Design Icons: the birdbath


From my regular series of Design Icons written for ABC RN Blueprint. You can find others on my Blueprint and Podcasts pages.

The birdbath was broadcast on 14th August 2021. You can listen to the audio here.

If you were to describe the perfect garden then you’d probably include a birdbath. They’re part of our horticultural landscape and yet the birdbath has an indistinct history. Any investigation into where they came from will immediately take us to the ancient gardened spaces of Persia where the introduction of water in rills and splashing fountains would surely have drawn the attention of any birds. There are also the courtyard pools that captured and stored rainwater in the venerable buildings of Asia and the Roman Empire. But in these cases, any bird daring to take a bath would probably have been kept as a pet or captured to be eaten.  

We have to go to the grand estates of Europe in the 1600s and beyond to get a hint of where a birdbath fits in. The construction of lakes, grottoes and fountains was a sign of huge wealth, and led to the less formal work of designers like English landscaper Capability Brown in the 1700s. These manmade waterways were home to swans and other water birds, often complementing a private deer park. There were dovecotes, too, like the picturesque pigeonniers found across France. But pretty as all these were, their intention was ultimately to provide food and fertilizer. This is still different from a birdbath, but the notion of attracting birds to our immediate surroundings seems to have taken hold.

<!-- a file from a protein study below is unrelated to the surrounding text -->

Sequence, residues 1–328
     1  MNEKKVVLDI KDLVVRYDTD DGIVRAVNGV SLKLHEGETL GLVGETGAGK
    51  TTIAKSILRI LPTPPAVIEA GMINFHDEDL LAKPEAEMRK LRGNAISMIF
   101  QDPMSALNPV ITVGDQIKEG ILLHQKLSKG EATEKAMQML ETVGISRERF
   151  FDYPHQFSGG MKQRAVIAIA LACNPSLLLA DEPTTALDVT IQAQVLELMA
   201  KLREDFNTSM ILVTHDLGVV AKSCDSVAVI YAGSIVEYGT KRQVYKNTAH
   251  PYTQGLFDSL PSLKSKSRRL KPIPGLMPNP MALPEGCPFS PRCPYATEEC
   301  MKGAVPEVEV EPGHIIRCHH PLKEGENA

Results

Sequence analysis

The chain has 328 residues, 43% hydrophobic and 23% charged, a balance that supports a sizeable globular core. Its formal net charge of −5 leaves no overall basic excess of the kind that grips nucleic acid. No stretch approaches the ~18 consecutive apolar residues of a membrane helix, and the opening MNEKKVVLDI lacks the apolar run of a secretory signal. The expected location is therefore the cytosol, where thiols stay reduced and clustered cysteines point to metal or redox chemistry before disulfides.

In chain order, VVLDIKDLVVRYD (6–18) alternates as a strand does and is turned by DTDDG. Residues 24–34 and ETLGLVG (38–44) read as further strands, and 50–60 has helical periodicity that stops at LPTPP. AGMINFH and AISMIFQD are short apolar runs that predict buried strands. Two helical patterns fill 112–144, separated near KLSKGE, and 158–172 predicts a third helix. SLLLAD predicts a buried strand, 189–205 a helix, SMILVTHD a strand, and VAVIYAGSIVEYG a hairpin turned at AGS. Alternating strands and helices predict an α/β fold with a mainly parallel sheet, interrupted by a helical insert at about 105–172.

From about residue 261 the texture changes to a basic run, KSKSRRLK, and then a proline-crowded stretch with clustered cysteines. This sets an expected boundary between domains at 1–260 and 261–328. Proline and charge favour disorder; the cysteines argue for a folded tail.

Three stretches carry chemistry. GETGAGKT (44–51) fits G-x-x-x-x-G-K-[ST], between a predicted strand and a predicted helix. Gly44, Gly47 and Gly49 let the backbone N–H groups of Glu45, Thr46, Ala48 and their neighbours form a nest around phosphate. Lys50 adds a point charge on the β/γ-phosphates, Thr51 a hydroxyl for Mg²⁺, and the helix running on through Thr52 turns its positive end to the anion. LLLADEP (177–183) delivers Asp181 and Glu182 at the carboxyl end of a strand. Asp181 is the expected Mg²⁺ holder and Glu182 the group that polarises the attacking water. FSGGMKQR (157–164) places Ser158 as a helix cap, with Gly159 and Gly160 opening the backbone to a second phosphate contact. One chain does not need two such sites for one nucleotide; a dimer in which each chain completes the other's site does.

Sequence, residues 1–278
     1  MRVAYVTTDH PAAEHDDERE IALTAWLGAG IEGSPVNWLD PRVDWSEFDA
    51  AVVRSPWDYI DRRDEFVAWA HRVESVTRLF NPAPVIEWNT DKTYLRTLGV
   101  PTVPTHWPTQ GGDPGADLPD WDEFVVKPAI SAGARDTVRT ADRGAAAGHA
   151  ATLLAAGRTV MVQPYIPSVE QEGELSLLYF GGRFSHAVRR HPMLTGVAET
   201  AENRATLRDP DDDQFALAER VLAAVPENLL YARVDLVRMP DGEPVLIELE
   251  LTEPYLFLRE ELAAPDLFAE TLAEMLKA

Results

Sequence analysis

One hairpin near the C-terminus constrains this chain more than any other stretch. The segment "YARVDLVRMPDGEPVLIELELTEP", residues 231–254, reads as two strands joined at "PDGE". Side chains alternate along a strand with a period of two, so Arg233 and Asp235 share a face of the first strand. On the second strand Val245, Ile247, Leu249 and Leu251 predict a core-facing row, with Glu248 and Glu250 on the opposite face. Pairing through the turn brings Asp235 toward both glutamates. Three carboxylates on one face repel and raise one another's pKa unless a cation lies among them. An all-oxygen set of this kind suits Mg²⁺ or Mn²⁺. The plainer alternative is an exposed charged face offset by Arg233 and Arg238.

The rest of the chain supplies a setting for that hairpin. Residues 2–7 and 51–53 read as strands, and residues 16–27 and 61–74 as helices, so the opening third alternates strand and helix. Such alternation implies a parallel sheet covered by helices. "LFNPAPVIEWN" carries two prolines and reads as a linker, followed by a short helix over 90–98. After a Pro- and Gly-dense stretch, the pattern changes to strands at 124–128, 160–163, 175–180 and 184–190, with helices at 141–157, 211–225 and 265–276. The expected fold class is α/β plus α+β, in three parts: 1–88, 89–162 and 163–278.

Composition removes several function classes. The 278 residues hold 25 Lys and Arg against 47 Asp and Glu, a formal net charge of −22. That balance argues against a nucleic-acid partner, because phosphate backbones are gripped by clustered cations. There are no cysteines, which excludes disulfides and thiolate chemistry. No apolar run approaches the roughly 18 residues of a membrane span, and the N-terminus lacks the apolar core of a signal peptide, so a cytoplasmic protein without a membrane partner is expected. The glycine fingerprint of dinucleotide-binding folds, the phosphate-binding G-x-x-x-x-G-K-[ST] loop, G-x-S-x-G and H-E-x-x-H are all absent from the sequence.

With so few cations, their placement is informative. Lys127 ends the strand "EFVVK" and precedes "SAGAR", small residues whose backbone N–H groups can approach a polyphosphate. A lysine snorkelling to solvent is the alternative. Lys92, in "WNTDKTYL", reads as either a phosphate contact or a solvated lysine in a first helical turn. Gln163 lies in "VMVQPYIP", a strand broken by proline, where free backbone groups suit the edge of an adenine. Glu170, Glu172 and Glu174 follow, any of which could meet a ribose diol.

The birdbath became, in fact, popular in the smaller gardens of the Victorian era, with a new appreciation for the informality of the cottage garden as a counterpoint to the increasing industrialisation of the landscape elsewhere. A birdbath added an extra dash of naturalness. Garden ornamentation became hugely popular from the mid-1800s, everything from ornate statues to simple sundials, and much of it factory-made in cast iron, the material of the Industrial Age. The Arts and Crafts movement popularised the simple joy of having a birdbath using simpler, less ornate materials. One of the early garden designers, Gertrude Jekyll, advocated that all such items should be made in lead, which blended well with old brick and mellow stone. By the turn of the twentieth century, whether in metal, stone or terracotta, the birdbath had truly arrived.

They have remained popular, especially in Australia, as climate change has produced more vicious summers in which birds quickly succumb to thirst and heat. With the increase in city density, a birdbath on a balcony or a rooftop terrace can support the local ecosystem, nourishing not just birds but insects and other wildlife. They may be reminders of the grand artificial lakes of the past, but unlike those, modern birdbaths do nothing more (and nothing less) than encourage nature into our space, adding movement and colour. They are therefore an icon of empathy, showing an understanding of our surroundings. Our reward is nature’s beauty. The perfect pact.

Categories: Design, Icons, nature, Other, radioTags: , , , , , , , , , , ,

2 comments